remain close for all times, possibly with time reparametrization,
then their orbits coincide. Secondly, there exists a physical (or
Sinai-Ruelle-Bowen) measure supported on the attractor whose
ergodic basin covers a full Lebesgue (volume) measure subset of
the topological basin of attraction. In particular, these results
show that both the flow defined by the Lorenz equations and the
geometric Lorenz flows are expansive.
\FRAME{ftbpFU}{289.5pt}{221.5pt}{0pt}{\Qcb{The robust Lorenz
chaotic attractor obtained from (19) for $\protect\sigma =10,r=28,b=\frac{8}{%
3}$ [17].}}{}{Figure}{\special{language "Scientific Word";type
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Another proof of the robustness of the Lorenz attractor is given
in [20] where the chaotic attractors of the Lorenz system
associated with $r=28$ and $r=60$ were characterized in terms of
their unstable periodic orbits and eigenvalues. While the
Hausdorff dimension is approximated with very good accuracy in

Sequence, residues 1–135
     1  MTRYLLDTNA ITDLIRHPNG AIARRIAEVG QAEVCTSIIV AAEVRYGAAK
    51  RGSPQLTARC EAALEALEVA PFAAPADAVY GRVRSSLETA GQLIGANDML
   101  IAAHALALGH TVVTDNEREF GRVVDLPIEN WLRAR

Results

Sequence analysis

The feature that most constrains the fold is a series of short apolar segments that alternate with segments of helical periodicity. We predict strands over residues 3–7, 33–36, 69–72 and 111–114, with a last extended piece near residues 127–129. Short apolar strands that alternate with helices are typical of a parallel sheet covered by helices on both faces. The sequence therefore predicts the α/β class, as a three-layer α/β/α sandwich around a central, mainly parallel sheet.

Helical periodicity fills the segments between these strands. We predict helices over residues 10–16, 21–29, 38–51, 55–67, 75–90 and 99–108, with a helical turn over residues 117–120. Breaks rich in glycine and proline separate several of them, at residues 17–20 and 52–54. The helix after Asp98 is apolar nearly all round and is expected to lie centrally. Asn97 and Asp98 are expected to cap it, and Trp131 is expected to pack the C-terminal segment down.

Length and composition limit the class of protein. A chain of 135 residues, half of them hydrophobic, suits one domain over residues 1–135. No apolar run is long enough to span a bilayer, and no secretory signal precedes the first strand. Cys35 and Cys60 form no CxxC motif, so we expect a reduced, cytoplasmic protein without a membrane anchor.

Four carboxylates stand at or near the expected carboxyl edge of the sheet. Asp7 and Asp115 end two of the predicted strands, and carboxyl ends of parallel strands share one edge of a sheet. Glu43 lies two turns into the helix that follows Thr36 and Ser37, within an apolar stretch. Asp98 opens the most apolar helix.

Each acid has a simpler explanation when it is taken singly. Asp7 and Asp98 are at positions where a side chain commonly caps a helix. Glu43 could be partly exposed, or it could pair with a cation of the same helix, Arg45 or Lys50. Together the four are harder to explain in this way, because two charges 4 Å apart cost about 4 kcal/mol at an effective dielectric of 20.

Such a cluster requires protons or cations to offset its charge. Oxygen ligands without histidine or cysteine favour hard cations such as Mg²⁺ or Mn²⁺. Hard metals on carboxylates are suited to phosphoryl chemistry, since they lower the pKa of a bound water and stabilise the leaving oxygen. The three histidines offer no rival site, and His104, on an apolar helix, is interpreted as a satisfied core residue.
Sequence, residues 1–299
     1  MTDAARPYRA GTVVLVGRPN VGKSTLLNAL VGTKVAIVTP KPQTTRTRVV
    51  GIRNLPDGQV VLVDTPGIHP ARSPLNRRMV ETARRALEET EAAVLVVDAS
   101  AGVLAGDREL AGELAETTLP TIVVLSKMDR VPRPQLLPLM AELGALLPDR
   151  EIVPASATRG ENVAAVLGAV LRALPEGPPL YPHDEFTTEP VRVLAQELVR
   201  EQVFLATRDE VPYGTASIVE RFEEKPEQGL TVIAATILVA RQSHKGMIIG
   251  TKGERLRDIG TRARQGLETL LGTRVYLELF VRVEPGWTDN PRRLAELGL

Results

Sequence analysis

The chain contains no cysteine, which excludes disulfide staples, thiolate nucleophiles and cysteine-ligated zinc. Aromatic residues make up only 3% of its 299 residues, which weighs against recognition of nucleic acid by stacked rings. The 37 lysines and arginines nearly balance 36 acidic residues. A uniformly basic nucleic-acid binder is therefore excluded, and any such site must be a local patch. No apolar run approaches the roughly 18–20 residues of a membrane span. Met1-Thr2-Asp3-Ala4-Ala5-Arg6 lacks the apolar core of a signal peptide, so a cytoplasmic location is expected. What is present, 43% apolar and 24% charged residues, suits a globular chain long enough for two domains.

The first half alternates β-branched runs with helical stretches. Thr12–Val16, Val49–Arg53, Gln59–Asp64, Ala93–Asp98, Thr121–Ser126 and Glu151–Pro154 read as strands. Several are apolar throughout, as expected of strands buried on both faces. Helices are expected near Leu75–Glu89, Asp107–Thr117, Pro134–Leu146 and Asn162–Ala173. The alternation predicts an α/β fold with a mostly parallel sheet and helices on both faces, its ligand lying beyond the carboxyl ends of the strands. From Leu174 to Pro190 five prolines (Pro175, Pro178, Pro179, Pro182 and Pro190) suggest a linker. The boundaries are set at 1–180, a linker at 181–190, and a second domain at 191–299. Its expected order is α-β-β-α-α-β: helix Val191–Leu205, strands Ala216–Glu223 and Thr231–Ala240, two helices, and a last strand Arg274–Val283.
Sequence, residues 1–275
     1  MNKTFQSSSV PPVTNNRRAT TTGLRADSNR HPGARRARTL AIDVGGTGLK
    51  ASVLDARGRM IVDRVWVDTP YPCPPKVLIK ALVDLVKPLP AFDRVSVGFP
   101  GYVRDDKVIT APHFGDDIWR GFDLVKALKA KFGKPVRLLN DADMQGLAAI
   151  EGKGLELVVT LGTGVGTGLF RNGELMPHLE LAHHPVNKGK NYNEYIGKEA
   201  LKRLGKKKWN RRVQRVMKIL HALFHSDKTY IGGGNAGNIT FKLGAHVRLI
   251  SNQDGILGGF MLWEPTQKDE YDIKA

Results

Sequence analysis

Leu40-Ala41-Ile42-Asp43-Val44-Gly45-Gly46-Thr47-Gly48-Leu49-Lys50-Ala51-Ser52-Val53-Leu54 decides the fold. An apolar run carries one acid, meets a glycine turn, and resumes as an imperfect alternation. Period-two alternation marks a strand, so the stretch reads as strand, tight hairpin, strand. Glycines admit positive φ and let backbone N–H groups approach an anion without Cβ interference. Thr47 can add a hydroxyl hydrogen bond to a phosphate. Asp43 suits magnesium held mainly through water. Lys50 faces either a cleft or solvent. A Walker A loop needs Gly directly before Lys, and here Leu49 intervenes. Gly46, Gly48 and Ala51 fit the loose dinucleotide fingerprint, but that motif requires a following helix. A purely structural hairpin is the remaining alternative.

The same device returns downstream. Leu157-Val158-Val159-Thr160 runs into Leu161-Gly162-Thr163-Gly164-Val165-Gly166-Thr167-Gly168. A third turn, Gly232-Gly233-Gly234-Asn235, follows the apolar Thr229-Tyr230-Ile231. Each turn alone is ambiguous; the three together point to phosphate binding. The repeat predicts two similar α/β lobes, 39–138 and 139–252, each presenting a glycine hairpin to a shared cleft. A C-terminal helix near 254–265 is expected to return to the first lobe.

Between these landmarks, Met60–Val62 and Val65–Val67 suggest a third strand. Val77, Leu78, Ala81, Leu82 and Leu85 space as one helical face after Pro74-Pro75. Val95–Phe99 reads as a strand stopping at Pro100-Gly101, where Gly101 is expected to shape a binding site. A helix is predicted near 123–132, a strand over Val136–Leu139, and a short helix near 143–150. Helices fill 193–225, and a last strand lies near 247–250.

both cases, the topological entropy was computed in an exact sense
only for $r=28$. A general method for proving the robustness of
chaos in a set of systems called $C^{1}$-robust transitive sets
with singularities for flows on closed $3$-manifolds is given in
[22]. The elements of the set $C^{1}$ are partially hyperbolic
with a volume-expanding central direction and are either
attractors or repellers. In particular, any $C^{1}$-robust
attractor with singularities for flows on closed $3$-manifolds
always have an invariant foliation whose leaves are forward
contracted by the flow and has a positive Lyapunov exponent at
every orbit, showing that any $C^{1}$-robust attractor resembles a
geometric Lorenz attractor. A new topological invariant
(Lorenz-manuscript) leading to the existence of an uncountable set
of topologically various attractors is proposed in [57] where a
new definition of the hyperbolic properties of the Lorenz system
close to singular hyperbolicity is introduced, as well as a proof
that small non-autonomous perturbations do not lead to the
appearance of stable solutions.
Other than the Lorenz attractor, there are some works that focus
on the proof of the robustness of chaos in $3$-D continuous
systems, for example the set $C^{1}$ introduced in [22], and a
characterization of maximal transitive sets with singularities for